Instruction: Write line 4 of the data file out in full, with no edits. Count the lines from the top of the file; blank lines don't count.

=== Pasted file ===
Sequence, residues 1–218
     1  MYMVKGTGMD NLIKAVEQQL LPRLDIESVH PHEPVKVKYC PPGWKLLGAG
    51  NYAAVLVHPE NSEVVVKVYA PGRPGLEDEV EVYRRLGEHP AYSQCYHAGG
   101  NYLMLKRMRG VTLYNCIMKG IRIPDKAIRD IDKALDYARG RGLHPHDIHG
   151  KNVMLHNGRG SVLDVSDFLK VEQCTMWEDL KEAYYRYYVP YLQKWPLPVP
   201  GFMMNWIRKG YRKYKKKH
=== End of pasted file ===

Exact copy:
   101  NYLMLKRMRG VTLYNCIMKG IRIPDKAIRD IDKALDYARG RGLHPHDIHG